In 1862 three Cheyenne Peace Chiefs, Black Kettle, White Antelope and Lean Bear, traveled to Washington, D.C. and received peace medals, American flags, and official documents to prove their friendly status to the frontier soldiers. Two years later Lean Bear, with the peace medal on his breast and the documents in hand, was shot and killed as he approached White troops in friendship. Black Kettle intervened to prevent Cheyenne soldiers from fighting back. Two years after that, November 1866, Black Kettle, White Antelope, and other chiefs and their people were camped along Sand Creek in southeastern Colorado territory, under the guarantee of protection by the territorial governor. A volunteer militia led by Colonel J. M. Chivington, an ordained Methodist minister, viciously and without provocation attacked and massacred some 500 men, women and children in this peaceable village. Chief White Antelope refused to fight back or to flee. He stood in front of his lodge with arms folded, and was shot to death while singing his death song, "Nothing lives long, Except the earth and the mountains." The white soldiers returned to a heroes' welcome in Denver, where they exhibited more than a hundred Indian scalps between the acts of an evening theatrical performance.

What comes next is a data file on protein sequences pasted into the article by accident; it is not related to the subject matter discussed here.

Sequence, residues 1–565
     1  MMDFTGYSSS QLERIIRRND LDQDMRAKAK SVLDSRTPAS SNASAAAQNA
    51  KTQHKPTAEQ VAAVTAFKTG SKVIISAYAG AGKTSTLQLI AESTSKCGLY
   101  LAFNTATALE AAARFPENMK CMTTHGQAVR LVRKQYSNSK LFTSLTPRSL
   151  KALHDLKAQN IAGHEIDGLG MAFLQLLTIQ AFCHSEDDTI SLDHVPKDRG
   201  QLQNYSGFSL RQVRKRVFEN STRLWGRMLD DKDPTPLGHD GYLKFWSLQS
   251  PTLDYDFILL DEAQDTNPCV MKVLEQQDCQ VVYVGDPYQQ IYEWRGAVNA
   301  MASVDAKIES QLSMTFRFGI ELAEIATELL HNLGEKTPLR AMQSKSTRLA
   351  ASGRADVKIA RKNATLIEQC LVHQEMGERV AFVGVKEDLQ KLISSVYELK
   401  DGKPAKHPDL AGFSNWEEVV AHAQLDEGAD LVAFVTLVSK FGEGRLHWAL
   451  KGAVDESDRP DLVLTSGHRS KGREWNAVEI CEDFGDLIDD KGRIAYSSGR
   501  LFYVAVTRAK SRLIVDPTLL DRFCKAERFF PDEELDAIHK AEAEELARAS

Chief Black Kettle somehow survived the Sand Creek massacre. In November 1868, Colonel George Armstrong Custer and his Seventh Cavalry organized a surprise attack on Black Kettle's peaceable village along the Washita River in western Oklahoma Territory. Black Kettle was flying the American flag, and assumed protection under the Treaty of Medicine Lodge which he had signed thirteen months earlier. Black Kettle refused to fight back against Custer and was cut down along with his wife. They remained faithful to the nonviolent Peace Chief ethic: "Do not go and seek revenge. Take your pipe. Go, sit and smoke and do nothing, for you are now a Cheyenne chief."